During the late 1940s, Golden State Mutual became the largest Black-owned insurance company in the western United States. It was one of the first companies to offer life insurance to this city’s African American population, and it operated for 60 years from its home office in the West Adams district until closing a few years ago.
In January, the Los Angeles Conservancy’s Modern Committee submitted a nomination to register the Golden State Mutual Life Insurance building, located at 1999 W. Adams Blvd., as a Historic-Cultural Monument. The building, which shares in the history of Black Californians, received a unanimous vote on April 7 by the Los Angeles Cultural Heritage Commission to approve the city planning recommendation of designation.
Councilmember Bernard C. Parks, who represents the 8th District, where the building is located, is enthusiastic about the push to protect the landmark building and its heritage.
“As a resident of South Los Angeles nearly my entire life, I am thrilled to see the Cultural Heritage Commission recognize the historic and cultural value of this iconic building,” said Parks.
Despite the recommendation, the interior murals which depict Black American cowboys, oil riggers and explorers have become the subject of a highly publicized legal dispute.
Since the company folded in 2009, the California Department of Insurance Conservation and Liquidation Office has seized and dissolved much of Golden State Mutual’s assets through public sale and are planning to auction the murals.
Completed in 1949, the Golden State Mutual home office was designed by African American architect Paul Revere Williams. A native Angeleno, Williams became the first Black architect admitted to the American Institute of Architects, and is one of Los Angeles’ most prominent figures of the 20th century.
Williams was intimately involved in the creation of the murals. Noted Black American artists Charles Alston and Hale Woodruff contributed the two oil-on-canvas murals hanging in the lobby of the building. Part of the building’s original design, Woodruff’s “The Negro in California History-Settlement and Development” and Alston’s “The Negro in California History-Exploration and Colonization” chronicle the Black experience of 19th and 20th centuries in California.
“Paul Williams selected the subjects and the artists for those murals,” said Linda Dishman, the L.A. Conservancy’s director. “They’re absolutely integral to the building’s design. This is a quintessential building in terms of the African American experience in this city. It’s hard to imagine another situation where the most important Black firm, Black architect and Black artists were all involved in a collaboration of this kind.”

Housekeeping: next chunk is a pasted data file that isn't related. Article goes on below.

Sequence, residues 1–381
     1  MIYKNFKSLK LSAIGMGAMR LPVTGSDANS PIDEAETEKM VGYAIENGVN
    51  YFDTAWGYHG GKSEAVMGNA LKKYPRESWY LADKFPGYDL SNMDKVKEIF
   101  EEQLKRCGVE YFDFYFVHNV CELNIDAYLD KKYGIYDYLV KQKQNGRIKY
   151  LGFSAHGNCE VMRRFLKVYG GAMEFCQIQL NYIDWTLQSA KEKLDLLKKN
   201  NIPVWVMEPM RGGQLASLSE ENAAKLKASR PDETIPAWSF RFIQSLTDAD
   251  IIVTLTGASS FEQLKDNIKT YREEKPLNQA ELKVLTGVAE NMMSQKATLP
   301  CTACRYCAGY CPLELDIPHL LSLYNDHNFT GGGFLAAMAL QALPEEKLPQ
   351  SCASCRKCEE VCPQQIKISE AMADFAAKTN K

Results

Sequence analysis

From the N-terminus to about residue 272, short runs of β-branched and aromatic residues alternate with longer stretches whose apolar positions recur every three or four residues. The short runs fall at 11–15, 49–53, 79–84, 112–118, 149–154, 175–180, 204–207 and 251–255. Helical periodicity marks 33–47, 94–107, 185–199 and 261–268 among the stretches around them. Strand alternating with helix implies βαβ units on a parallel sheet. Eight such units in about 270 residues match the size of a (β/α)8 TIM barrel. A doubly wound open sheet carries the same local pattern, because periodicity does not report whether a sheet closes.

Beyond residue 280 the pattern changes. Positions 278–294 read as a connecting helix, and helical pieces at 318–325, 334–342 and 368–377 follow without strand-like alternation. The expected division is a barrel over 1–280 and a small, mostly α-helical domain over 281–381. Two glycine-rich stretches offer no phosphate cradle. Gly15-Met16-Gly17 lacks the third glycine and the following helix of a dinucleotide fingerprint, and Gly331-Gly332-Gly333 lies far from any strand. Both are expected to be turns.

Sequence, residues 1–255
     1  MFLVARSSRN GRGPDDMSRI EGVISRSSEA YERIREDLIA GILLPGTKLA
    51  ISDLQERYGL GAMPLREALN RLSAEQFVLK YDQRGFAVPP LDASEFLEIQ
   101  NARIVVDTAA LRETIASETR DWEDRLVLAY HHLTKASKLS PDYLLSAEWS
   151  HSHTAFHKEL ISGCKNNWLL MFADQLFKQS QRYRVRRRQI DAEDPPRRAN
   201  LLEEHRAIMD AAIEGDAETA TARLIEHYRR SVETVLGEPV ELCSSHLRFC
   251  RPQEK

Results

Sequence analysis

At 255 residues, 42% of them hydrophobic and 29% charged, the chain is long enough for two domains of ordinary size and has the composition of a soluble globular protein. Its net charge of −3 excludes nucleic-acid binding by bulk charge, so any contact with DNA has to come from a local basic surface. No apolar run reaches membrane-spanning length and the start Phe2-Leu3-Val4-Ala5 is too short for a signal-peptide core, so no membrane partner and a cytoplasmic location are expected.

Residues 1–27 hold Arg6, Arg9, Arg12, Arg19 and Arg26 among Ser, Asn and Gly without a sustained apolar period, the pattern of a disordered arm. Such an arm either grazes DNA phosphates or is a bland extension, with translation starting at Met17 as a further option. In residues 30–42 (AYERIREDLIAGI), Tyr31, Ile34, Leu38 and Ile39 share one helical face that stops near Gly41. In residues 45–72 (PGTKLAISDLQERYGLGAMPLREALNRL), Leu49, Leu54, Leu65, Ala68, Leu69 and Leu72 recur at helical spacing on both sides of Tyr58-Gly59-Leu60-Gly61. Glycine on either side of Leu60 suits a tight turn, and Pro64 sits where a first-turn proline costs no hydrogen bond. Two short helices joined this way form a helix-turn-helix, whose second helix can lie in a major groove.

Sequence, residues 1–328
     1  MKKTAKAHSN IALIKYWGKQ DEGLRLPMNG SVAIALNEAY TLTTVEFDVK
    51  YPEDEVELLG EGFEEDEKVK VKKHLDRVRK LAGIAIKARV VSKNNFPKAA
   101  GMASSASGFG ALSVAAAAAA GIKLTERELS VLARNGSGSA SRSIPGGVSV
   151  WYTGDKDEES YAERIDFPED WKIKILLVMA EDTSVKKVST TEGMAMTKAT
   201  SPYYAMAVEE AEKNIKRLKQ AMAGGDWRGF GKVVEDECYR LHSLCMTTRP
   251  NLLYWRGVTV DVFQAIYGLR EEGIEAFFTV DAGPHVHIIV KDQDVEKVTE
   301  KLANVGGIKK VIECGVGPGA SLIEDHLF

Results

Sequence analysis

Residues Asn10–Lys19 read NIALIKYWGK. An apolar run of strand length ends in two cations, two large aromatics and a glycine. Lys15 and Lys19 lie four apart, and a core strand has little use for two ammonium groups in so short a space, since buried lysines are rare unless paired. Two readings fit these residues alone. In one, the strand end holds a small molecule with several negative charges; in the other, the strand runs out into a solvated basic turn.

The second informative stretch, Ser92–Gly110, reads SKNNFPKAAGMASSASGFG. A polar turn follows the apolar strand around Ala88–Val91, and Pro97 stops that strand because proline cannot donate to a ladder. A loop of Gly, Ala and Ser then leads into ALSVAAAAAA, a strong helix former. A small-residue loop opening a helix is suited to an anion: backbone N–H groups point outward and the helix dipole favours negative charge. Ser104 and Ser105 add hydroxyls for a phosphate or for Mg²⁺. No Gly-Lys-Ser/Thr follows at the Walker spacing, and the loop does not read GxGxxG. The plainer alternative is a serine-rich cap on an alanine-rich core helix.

Regarded as significant examples of integrated art in Los Angeles Black history, independent appraisals put the value of the two murals anywhere between $2.2 million and $5.5 million, and they are believed to be Alston’s and Hale’s only public art locally.
Until recently, the Smithsonian Institution was in the running to purchase the murals. However, the protests of preservationists may keep the two revered murals intact.
“It’s part of our history,” said Austin Moore, who is president of the Golden State Mutual Alumni. “Most of our people don’t even know that it is there. It is important that we learn to tell our own history and our own stories. Golden State Mutual was a lot more than a life insurance company. It was the most prominent corporation here. It was a large social outlet. It gave a lot of benefits to the community.”
The Smithsonian has since withdrawn its $700,000 bid, citing community opposition to the removal of the murals. Meanwhile, the building has been purchased by Community Impact Development, a nonprofit social services group from South Los Angeles that supports keeping the murals in the building.
“These murals are part of the historic fiber of the community and a significant part of Los Angeles’ history,” said Marcos Velayos, the nonprofit’s attorney and a leading specialist in planning and land-use issues. “We think there is no better way to celebrate this history than by keeping the murals right here, where they always have been.”
Moore said the community needs to understand and preserve the legacy of where Black Americans came from.
“We’ve got to understand what was before us to understand where we are,” he said. “Those murals aren’t just the African American experience. They’re an important part of the history of Los Angeles. We can’t let that history of Los Angeles leave the city.”
During its tenure, Golden State Mutual amassed other notable mid-century Black American art. It is believed the collection was sold or mysteriously disappeared since being placed under state conservation by CLO.
CLO claims most of the company’s assets were sold at a New York auction for approximately $1.5 million. All that remains now are the two gigantic murals by Alston and Woodruff, which are owned by the state and up for purchase.
Scott Pearce, a senior estate trust officer at CLO, said that it would welcome bidders with substantive offers.
“If they’re prepared to write a check, they can have the murals,” he said.
Cindy Olnick of the L.A. Conservancy said the issue isn’t about the conservancy versus the liquidator.
“It’s about the owners of the building wanting to retain the murals on site,” she said. “Murals that were designed specifically for the site and are integral to its historic character. That’s what we’re advocating for.”